Muskogee Pastors Create Space for Dialogue, Seek Racial Reconciliation
By Kevin Spear
When Pastor Gary Underwood saw the video of George Floyd’s killing in May, he knew he needed to meet his friend and fellow Muskogee, Oklahoma, pastor, Rev. Rodger Cutler. They had discussed racial issues before. Underwood knew this latest event called for dialogue.
“I just wanted to have an organic conversation and trust the Holy Spirit to guide us,” said Underwood. What began as a discussion between the two pastors grew into a dialogue with the other members of the Muskogee Ministerial Alliance (MMA).
Underwood has been the senior pastor at Eastside Community Church in Muskogee since 2011. When he arrived in town, he embraced the ecumenical ministry of MMA. He said, “I jumped into the Alliance and eventually served as the organization’s president and vice president.” Though he has transitioned out of an elected position, he remains an active member.
Underwood believes Muskogee avoided the larger protests of other cities because of a police shooting the city experienced a couple of years ago. As president of the MMA, he invited the then-police chief along with other pastors to help build a bridge with the police and the African-American community. He also took part in a unity march with the NAACP. In addition, the city’s white chief of police spoke at the march as a guest speaker. “It became a multi-racial, reconciliation experience,” said Underwood.
Cutler and Underwood found their dialogue so meaningful, they called MMA’s current president, Pastor Ron Venters. Together, they agreed to bring other pastors into the conversation.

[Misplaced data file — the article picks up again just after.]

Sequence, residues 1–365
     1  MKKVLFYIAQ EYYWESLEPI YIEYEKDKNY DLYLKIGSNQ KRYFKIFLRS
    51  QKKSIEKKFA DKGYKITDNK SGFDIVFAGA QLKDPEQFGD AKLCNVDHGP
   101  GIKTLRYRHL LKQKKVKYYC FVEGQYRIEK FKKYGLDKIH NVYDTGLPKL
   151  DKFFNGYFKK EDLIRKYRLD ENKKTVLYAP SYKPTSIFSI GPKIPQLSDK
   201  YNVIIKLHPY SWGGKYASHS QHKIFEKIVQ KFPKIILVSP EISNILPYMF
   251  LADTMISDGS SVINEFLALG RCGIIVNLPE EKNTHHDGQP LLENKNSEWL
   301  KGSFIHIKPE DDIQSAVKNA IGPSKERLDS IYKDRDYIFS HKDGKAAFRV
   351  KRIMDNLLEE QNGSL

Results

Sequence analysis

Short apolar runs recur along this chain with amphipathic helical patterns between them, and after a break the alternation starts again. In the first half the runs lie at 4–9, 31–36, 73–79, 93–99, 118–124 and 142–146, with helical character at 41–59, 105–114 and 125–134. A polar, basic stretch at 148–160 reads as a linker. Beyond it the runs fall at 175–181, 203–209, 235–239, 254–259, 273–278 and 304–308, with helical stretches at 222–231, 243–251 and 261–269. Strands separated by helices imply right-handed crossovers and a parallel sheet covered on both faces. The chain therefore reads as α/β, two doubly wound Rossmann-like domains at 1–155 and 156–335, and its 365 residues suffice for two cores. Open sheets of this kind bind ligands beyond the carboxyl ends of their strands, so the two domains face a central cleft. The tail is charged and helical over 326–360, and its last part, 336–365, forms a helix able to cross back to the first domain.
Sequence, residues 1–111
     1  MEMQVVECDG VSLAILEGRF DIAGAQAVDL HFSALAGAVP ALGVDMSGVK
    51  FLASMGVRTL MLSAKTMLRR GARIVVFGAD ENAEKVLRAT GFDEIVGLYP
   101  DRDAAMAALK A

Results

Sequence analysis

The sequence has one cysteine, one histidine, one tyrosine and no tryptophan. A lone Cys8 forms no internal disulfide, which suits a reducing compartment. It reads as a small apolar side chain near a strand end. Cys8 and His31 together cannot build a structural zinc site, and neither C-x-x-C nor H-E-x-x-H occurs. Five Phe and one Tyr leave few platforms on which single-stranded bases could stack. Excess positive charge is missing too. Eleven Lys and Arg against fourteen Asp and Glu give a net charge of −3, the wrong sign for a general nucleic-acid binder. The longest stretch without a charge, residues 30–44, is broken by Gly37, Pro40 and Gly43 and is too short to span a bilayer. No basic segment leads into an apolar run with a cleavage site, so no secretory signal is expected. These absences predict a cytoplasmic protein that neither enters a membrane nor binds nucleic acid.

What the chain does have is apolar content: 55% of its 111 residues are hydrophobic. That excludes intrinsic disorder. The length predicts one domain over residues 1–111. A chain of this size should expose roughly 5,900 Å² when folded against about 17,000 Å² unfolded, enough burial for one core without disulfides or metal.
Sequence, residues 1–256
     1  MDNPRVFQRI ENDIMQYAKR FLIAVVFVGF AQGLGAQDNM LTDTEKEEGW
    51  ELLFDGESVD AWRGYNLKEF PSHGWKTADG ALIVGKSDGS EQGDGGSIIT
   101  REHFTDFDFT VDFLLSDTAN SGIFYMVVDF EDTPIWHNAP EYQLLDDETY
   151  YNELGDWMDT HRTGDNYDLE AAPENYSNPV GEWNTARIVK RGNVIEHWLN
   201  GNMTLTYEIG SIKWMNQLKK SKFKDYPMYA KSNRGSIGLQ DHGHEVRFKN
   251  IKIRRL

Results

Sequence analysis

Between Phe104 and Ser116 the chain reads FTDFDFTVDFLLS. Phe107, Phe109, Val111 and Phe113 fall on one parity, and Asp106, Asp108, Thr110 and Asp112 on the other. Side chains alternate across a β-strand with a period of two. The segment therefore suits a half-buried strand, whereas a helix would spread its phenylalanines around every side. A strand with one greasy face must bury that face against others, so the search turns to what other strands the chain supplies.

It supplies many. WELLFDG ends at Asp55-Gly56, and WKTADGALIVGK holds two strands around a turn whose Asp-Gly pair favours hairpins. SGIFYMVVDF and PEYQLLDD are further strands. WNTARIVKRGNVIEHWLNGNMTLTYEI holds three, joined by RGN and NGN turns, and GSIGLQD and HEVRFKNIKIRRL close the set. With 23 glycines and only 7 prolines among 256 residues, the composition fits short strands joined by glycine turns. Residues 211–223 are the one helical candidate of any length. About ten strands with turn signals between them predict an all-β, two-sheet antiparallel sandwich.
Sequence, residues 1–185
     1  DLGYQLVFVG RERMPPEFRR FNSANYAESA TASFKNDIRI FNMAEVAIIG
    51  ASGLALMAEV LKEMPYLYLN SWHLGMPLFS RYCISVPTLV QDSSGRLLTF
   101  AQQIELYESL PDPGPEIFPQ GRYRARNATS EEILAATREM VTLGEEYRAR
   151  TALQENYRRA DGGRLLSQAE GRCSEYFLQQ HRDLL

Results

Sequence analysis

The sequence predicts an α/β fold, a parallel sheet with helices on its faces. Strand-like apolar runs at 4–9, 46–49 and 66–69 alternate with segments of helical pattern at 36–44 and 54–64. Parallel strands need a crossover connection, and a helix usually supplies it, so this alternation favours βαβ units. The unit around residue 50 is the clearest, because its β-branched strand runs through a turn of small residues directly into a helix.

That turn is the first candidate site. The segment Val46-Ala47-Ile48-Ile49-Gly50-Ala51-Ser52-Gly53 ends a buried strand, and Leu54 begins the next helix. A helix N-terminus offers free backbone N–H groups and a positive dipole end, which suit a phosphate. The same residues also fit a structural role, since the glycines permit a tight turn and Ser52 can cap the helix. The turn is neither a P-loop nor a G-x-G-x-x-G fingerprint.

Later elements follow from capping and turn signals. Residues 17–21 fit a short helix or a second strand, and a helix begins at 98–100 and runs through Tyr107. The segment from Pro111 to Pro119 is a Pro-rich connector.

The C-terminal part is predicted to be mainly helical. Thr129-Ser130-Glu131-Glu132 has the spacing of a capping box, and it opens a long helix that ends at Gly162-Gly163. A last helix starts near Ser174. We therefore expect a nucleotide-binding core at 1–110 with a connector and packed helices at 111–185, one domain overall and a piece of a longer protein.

As the members discussed the current events and challenges, they felt this was something that should be shared through a Facebook Live video. Venters moderated the discussion that included Underwood and Cutler.
The video has been well-received. As of June 27, 2020, it has had over 4,000 views. Both black and white viewers have commented on how this was a meaningful conversation for them. Underwood hopes to continue the dialogue. He hopes it may spur others and engage in one-on-one discussions with multi-racial groups.
Underwood attributes 2 Corinthians 5 as motivation for his involvement with racial reconciliation.
All this is from God, who reconciled us to himself through Christ and gave us the ministry of reconciliation: that God was reconciling the world to himself in Christ, not counting people’s sins against them. And he has committed to us the message of reconciliation.” —2 Corinthians 5:18–19 NIV
He advises anyone who wants to pursue racial reconciliation to do the following:
● Don’t be afraid to have conversations with different races and cultures.
● Ask God to lead you to strategic relationships.
● In order to listen, be humble, and have empathy.
Underwood emphasizes that loving your neighbor really is about reconciliation. Since God reconciled us to himself through Christ, we are all called to reconcile ourselves to others, even if they don’t share our skin color, culture, or political views.
The Muskogee Ministerial Alliance Facebook Live video is available at: https://www.facebook.com/MuskogeeMinisterialAlliance/videos/3029478297128301/.
Kevin Spear has worked for Warner Press and has regularly contributed time and talent to the work of Church of God Ministries. He is a ministry partner with his wife Paula, who is an ordained minister in the Church of God.